Students taking part in the fall 2023 program at the BYU Jerusalem Center will be returning home on Tuesday, Oct. 31, the center announced on Oct. 18.
The students and faculty were evacuated to Greece — arriving in Athens on Sunday, Oct. 15 — after attacks and ongoing military conflict in southern Israel that began on Saturday, Oct. 7.
A security update posted Wednesday, Oct. 18, stated: “Students will be returning home from Greece on Tuesday, October 31st.”
James R. Kearl, the assistant to the university president for the Jerusalem Center, explained how the time will be spent.
“The Jerusalem Center students who were relocated to Greece are completing some additional course work in the mornings this week, with their afternoons and evenings free for individual study and to explore the area around them,” Kearl said.
He said the students will leave on an eight-day field trip on Oct. 22 that starts in Thessaloniki and ends in Athens.
“When they return to their homes, they will complete one class, starting in early November. They will take the final exam in this class during BYU’s scheduled final exam period in December. This class will be taught via Zoom by the professor who taught the first half of the class in-person in Jerusalem,” Kearl said.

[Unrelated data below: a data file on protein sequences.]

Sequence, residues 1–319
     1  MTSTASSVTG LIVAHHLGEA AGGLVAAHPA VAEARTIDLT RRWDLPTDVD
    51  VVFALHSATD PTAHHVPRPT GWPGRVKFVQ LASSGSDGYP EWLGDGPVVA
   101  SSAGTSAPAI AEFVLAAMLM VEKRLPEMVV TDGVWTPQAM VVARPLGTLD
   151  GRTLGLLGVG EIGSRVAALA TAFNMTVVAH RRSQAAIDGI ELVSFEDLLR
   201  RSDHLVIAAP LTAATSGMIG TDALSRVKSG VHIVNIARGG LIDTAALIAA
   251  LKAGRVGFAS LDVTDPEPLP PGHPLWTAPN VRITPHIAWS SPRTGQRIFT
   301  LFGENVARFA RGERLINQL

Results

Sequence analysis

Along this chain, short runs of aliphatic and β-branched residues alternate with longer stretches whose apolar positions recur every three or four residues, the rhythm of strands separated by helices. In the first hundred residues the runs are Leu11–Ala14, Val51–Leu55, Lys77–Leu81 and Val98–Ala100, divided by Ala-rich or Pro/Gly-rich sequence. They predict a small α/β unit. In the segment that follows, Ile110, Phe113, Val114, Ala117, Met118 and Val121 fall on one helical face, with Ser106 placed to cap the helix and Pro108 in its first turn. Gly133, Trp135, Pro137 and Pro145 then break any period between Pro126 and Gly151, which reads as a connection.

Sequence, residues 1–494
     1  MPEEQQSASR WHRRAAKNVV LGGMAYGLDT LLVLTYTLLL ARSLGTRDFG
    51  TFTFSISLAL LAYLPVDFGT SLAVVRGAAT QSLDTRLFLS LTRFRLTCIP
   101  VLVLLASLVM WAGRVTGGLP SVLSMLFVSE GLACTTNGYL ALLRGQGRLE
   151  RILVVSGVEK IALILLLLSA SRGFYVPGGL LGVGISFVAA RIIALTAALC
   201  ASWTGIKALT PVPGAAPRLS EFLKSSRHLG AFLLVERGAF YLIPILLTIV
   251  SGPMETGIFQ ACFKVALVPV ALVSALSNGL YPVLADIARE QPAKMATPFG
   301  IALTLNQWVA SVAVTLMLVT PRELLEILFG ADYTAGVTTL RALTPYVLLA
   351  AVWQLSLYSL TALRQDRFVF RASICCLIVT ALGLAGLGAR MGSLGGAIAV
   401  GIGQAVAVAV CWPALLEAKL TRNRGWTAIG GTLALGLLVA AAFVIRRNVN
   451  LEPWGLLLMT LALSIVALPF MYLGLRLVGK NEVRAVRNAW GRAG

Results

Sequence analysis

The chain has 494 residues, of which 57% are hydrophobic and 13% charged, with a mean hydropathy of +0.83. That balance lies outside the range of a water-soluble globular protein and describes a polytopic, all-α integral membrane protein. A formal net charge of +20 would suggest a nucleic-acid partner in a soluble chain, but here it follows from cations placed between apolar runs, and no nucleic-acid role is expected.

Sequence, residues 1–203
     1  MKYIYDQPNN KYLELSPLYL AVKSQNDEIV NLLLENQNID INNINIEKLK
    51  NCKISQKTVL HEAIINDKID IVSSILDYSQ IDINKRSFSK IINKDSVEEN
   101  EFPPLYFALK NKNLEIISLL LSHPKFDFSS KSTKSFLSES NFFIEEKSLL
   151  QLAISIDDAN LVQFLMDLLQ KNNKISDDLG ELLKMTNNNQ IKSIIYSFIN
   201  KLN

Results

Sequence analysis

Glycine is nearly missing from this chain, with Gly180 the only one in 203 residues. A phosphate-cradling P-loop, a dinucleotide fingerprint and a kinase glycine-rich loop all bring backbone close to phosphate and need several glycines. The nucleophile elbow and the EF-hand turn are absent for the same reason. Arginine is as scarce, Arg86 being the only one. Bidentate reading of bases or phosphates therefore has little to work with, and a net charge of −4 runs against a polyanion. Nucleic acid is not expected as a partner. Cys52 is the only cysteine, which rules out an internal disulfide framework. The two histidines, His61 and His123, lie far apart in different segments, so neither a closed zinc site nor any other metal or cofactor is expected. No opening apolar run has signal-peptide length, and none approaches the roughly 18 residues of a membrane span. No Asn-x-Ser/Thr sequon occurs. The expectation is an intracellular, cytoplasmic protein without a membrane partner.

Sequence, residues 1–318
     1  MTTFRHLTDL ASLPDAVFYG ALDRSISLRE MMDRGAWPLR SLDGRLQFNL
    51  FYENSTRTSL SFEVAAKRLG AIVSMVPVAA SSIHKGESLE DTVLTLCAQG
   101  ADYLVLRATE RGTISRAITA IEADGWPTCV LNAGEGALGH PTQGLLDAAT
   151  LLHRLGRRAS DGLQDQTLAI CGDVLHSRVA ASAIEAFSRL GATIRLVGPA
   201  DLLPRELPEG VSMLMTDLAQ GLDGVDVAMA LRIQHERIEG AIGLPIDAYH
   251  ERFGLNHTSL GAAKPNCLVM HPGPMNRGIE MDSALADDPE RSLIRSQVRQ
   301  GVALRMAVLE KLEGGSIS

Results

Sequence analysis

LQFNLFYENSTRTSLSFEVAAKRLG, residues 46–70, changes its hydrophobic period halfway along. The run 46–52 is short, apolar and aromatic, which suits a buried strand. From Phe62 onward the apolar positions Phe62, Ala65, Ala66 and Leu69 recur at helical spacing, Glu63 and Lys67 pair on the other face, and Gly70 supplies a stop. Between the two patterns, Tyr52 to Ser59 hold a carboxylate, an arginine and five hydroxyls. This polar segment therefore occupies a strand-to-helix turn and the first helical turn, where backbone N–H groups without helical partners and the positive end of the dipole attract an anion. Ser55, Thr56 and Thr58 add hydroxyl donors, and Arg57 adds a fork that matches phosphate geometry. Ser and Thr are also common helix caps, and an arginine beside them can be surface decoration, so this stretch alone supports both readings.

In addition to the 93 students and faculty, faculty families and service couples also relocated to Greece. But other officials and local employees and their families remained at the Jerusalem Center.
“These beloved and trusted individuals and families — Israelis and Palestinians — remain in harms way. We ask that you pray for their safety and well being,” said a security update on Oct. 15.
The 2023 fall program was originally scheduled to run Sept. 5 through Dec. 21, mirroring the fall semester schedule on the Provo, Utah, campus of Brigham Young University.
The center is operated by BYU, which is sponsored by The Church of Jesus Christ of Latter-day Saints.
On Oct. 12, the Church’s First Presidency issued a statement on Middle East violence.
“We are devastated by the recent eruption of violence and loss of life in the Middle East,” wrote the First Presidency. “Violence of this nature is abhorrent to us and is not in harmony with the gospel of Jesus Christ, which is a gospel of peace. At such times, our hearts ache for all victims of this atrocity.
“As servants of God, we affirm that He calls upon all of us to love our neighbors as ourselves, and we pray for a peaceful resolution of all conflicts.”